Shooting itself in the foot
Pakistan is struggling under a wave of terrorist attacks whose immediate purpose is to stop an expected army offensive against the tribal areas of Waziristan.india Updated: Oct 16, 2009 20:43 IST
Pakistan is struggling under a wave of terrorist attacks whose immediate purpose is to stop an expected army offensive against the tribal areas of Waziristan. However, the Tehrik-e-Taliban Pakistan (TTP), the ‘Pakistan Taliban’, have a long-term goal of replacing the present Pakistani State with a Deobandi Islamicist polity. After Thursday’s five-pronged day of mayhem, the TTP’s head Hakimullah Mehsud tossed in a threat against India as well. Since the TTP has never shown an ability to strike beyond the borders of Pakistan, his comments seem to have been more the rhetorical flourish of someone consolidating his newfound position. What matters to India is the lesson the Pakistani establishment learns from its bitter struggle with the TTP. So far, it seems Islamabad is earning a failing grade. As the meandering case against the Mumbai 26/11 accused indicates, Islamabad continues to believe that the TTP fight has nothing to do with its policy of safeguarding the Lashkar.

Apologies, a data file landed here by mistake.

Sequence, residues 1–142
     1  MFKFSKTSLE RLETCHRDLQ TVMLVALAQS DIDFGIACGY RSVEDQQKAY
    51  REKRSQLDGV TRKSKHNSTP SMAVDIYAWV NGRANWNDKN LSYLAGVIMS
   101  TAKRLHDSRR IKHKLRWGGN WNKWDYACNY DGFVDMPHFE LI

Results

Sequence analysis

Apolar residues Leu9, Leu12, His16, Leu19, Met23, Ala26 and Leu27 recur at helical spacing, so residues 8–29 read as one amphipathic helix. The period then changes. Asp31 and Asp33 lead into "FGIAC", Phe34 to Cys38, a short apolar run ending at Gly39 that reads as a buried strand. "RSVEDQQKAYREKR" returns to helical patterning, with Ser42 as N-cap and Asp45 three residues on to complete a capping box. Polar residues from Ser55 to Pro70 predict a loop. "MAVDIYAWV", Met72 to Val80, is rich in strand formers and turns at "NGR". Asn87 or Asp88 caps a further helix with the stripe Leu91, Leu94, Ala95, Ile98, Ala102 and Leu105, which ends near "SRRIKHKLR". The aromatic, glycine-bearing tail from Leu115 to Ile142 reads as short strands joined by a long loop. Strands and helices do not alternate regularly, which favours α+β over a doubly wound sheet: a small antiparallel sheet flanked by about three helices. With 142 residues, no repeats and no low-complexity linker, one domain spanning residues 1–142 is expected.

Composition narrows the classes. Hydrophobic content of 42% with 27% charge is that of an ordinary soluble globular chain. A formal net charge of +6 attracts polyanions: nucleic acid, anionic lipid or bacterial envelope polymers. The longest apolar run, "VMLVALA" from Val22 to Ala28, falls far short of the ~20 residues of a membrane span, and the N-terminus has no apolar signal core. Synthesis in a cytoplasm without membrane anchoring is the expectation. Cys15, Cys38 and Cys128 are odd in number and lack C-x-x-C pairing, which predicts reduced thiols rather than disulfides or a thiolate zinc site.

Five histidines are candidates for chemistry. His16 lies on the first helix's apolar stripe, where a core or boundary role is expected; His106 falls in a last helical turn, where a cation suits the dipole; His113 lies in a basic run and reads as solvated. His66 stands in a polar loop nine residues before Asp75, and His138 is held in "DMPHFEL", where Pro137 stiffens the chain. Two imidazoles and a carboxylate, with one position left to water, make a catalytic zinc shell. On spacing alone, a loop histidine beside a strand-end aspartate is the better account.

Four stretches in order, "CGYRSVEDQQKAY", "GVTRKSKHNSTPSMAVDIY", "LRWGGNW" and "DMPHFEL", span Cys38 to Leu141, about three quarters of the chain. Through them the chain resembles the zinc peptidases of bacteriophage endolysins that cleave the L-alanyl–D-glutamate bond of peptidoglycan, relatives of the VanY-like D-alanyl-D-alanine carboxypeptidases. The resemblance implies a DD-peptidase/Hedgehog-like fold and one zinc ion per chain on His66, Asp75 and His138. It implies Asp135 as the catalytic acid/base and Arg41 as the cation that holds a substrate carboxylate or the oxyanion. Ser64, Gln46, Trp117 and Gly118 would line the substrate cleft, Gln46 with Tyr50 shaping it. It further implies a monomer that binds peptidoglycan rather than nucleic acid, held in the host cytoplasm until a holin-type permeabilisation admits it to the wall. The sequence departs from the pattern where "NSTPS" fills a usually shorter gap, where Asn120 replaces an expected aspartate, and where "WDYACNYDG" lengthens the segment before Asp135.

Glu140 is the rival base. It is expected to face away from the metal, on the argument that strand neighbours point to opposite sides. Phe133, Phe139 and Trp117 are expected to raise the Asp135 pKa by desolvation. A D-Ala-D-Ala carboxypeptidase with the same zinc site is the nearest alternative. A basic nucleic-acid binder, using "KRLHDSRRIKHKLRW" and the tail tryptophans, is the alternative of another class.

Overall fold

The Pakistani leadership created all the three terrorist alliances that now ravage South Asia: the TTP, the various Afghan Taliban groups and the Punjab-based militant groups like Lashkar and Jaish-e-Mohammad. The second and third receive tacit acceptance, if not outright backing, from Islamabad because they target Afghanistan and India. The first has become a Frankenstein monster, turning against its maker. But there is growing evidence that the TTP is also attracting the backing of some of the other groups. The obvious lesson Islamabad should draw is that, ultimately, it cannot be certain that its terror offspring will not turn their guns on the Pakistani state. So far, there is only fragmentary evidence of any change
Indians recognise that the constellation of terror groups in Pakistan, including al-Qaeda, are birds of a feather. Which is why we should resist the temptation to gloat over Pakistan’s predicament. Mehsud may not have struck at India, but if he is able to bring down the Pakistani State, he most certainly will. The ideological vision of all these Islamicist terror groups is the same in its choice of enemies. But nothing much can be done until Pakistanis come to accept there is no point in hairsplitting between the killers in their midst. The awakening of Pakistan to this simple fact is probably the most important bit of mass education the world faces today. And unfortunately it seems it will only be passed on through a pedagogy of violence.